So these prior statements are useful to keep in mind and no doubt will be points of departure for the members of Congress questioning Mr. Mueller.

There will be several other aspects of the hearings worth following:

1. Mr. Mueller is a reluctant witness. Understandable. A root canal can preferable to being the subject of a Congressional hearing. He has indicated that he prefers to stick to the “four corners” of his report. That is not his call to make. It will be noteworthy whether or not the committee accepts that approach. There is no law or statute or policy that limits the scope of his testimony as he suggests. Indeed, fully and patiently explaining his work to the American people who paid for the investigation is a matter of completing the public service Mr. Mueller undertook when he became Special Counsel. Stopping short of this responsibility would mark a failure of fulfilling the Special Counsel’s duty.

2. The Attorney General and the President both have spoken outside the contours of the report. At a minimum, Mr. Mueller can be asked to clarify whether he agrees with their statements that are beyond or inconsistent with the report and to correct them as necessary.

3. More than 1,000 former Republican and Democratic federal prosecutors have signed a letter stating that the Special Prosecutor’s findings would have led to obstruction of justice charges if the Justice Department policy had not been relied on to prevent prosecuting a sitting President. Not surprisingly, the hearings certainly will ask Mueller about several of the examples of interference by the President described in the report. Mueller is likely to say when asked that he will not speculate on whether they amount to obstruction (for the oddly ironic and rather lame reason that if he cannot be sued, it is unfair to any President to even speculate about whether she or he committed a crime because an un-indicted President cannot defend herself or himself in court). Will the committee accept this reticence? Will the members ask Mueller why he listed the 10 examples of Presidential interference if they were not prosecutable and what he expects Congress to do with the information?

4. Speaking of Justice Department policy and an issue not within the four corners of the report, the United States Attorney manual requires that before filing charges prosecutors must decide (1) whether there exists a substantial federal interest in prosecution, and (2) whether there is an adequate noncriminal alternative to prosecution. Mr. Mueller should be asked whether this assessment was made and if not why not?

5. It will be extremely interesting to see whether members of the two committees attack the integrity, impartiality and quality of the work of his team. If this happens he might just come out swinging to defend his colleagues from his enviable strength as a distinguished and honorable person with a sterling reputation. If that happens the President’s supporters will not be amused, and like Garbo, Mueller might be unexpectedly laughing at last.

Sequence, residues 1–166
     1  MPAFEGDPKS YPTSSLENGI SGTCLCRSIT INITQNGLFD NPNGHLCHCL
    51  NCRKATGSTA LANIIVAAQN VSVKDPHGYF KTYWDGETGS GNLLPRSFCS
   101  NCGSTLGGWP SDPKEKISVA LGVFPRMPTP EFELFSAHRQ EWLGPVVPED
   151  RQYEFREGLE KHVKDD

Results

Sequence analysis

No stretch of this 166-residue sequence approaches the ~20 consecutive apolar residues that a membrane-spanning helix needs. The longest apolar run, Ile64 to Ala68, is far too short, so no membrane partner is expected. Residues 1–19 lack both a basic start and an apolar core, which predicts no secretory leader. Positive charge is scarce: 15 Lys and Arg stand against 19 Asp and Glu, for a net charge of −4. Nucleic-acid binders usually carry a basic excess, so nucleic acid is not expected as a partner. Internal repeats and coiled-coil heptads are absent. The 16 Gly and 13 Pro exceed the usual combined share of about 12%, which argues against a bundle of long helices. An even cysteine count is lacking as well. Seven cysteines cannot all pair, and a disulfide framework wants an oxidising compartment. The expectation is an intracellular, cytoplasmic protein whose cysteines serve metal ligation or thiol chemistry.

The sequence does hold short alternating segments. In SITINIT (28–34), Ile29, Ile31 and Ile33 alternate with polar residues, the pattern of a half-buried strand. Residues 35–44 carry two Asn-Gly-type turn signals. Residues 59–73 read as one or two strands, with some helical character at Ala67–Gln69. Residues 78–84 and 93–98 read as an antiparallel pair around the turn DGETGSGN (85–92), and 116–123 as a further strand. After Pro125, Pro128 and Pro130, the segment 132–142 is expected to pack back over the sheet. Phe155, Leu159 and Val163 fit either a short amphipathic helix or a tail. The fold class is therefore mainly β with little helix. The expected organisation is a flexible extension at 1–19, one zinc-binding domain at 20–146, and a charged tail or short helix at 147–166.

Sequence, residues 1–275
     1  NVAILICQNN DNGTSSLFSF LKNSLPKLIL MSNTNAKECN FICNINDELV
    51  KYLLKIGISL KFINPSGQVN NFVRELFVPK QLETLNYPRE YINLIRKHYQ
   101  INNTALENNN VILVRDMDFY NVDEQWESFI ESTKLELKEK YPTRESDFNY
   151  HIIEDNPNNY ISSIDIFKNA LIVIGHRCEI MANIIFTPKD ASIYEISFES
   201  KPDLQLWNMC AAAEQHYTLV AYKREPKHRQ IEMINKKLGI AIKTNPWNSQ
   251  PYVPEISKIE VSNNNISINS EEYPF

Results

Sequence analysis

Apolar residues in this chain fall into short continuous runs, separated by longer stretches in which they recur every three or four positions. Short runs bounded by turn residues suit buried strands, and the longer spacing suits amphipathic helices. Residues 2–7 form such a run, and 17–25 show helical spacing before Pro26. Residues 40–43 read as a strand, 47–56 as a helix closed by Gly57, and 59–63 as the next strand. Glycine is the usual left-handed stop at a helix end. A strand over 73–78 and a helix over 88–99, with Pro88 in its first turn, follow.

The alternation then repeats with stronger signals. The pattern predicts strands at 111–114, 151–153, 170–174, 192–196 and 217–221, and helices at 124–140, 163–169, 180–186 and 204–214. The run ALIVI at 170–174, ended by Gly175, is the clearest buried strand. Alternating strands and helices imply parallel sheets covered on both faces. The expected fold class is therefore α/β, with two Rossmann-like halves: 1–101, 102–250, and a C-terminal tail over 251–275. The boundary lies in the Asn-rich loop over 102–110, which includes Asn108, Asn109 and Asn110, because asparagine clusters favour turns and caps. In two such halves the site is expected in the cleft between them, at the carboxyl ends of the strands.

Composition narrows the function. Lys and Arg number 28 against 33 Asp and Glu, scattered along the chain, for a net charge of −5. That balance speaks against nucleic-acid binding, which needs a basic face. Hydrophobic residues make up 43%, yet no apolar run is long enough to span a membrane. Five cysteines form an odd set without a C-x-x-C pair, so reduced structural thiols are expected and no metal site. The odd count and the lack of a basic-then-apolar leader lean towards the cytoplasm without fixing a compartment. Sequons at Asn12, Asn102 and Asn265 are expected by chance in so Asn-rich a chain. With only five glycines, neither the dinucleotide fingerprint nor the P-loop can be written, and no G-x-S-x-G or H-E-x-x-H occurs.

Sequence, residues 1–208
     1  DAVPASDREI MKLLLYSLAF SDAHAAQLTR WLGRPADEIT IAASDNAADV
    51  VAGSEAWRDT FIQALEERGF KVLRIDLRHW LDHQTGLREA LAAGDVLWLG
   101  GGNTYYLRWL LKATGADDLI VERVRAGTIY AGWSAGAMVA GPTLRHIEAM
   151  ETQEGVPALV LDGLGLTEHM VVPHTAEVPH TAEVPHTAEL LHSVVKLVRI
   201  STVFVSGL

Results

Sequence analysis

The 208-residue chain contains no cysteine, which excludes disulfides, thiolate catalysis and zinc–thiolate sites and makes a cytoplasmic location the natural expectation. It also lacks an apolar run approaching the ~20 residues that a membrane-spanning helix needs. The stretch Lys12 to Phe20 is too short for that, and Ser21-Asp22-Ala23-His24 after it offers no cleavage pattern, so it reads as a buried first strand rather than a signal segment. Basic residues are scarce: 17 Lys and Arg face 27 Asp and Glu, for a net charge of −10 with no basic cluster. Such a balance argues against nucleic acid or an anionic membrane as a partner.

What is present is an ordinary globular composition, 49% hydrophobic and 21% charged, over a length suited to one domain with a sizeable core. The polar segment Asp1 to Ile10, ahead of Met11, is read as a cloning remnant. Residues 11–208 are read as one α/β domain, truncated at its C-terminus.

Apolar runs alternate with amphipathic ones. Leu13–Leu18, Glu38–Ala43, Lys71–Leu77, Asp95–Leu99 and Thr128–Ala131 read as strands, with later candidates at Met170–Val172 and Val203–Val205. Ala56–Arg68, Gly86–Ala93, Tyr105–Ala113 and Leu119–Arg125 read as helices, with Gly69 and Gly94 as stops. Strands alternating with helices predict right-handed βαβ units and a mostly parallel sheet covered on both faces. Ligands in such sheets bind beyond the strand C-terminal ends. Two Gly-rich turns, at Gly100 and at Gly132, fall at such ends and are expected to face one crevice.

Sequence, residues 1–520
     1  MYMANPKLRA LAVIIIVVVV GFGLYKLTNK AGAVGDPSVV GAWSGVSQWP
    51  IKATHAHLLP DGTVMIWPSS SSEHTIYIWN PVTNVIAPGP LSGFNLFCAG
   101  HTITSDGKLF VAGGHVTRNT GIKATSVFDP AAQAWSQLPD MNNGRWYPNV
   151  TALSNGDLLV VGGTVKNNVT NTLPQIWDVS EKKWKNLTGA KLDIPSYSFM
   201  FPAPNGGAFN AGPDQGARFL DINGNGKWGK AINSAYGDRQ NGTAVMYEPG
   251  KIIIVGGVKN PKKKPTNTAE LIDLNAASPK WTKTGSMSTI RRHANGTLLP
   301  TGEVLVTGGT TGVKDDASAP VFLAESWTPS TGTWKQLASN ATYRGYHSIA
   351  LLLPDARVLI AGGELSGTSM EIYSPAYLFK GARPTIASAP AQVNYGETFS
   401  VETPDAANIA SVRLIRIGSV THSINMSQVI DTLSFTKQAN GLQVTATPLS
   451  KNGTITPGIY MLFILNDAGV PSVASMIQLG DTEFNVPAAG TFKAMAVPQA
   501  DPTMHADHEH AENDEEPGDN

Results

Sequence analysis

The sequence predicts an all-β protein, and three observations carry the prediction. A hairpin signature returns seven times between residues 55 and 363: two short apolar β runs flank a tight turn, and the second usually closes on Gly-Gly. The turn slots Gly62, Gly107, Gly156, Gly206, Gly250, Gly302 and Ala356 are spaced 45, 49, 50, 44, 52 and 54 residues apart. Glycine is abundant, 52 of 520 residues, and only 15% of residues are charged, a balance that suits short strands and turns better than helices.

After the hearings the spotlight will shift back and enormous pressure will likely increase even more on House Speaker Nancy Pelosi. She will have the toughest immediate decision to make: is initiating impeachment in the national interest? This is not at all an easy choice, contrary to what many of the partisans on either side of the question suggest. In both his written report and oral remarks Mueller clearly, explicitly handed off responsibility for following up to Congress and to the American people. He believes it is now immediately the job of Congress to deal with the findings of the Special Counsel investigation. Others may find uses of the evidence of his report later, perhaps after the end of the Trump presidency.

Yet Mueller’s modern day Pontius Pilate like gesture comes at a time very late in the first session of the current Congress, and when an impeachment proceeding could harmfully showcase the dysfunction of Congress and overwhelm our government’s broken branch. It might also dangerously test our imperiled Constitution when there is no guarantee that it can bear the added strain.

Impeachment by the House with no prospect of conviction unless 20 Republican Senators are moved by House investigations or impeachment proceedings to vote to convict and expel the President (presently none have yet broken ranks to support impeachment) could further inflame divisions among the American people which are already driving them apart and away from the American people’s historic general agreement on the common purposes of government.

Even so, inaction could be profoundly worse. The live grenade that the Special Counsel and this week’s hearings will toss in Speaker Pelosi’s lap is dangerous to ignore and needs to be dealt with. Failing to continue to examine and follow the evidence and to determine whether and what Congressional action if any is warranted, would establish the novel precedent that the President and the executive branch are above the law, and not accountable to the people. It could be a risky and possibly irreversible step toward autocracy replacing democracy in America to stop Congressional inquiries at Wednesday’s hearings.

Another difficult consideration for the Speaker is whether there will be a political price that the Democratic Party might pay in the 2020 elections for impeaching the President but failing to convict and remove him from office. This calculation is difficult to make, in part because it is not yet knowable what further evidence might be revealed in many other federal and state inquiries, as was the case in the Watergate inquiry when the existence of the Nixon tape recordings was only discovered well after the Congressional Watergate hearings began.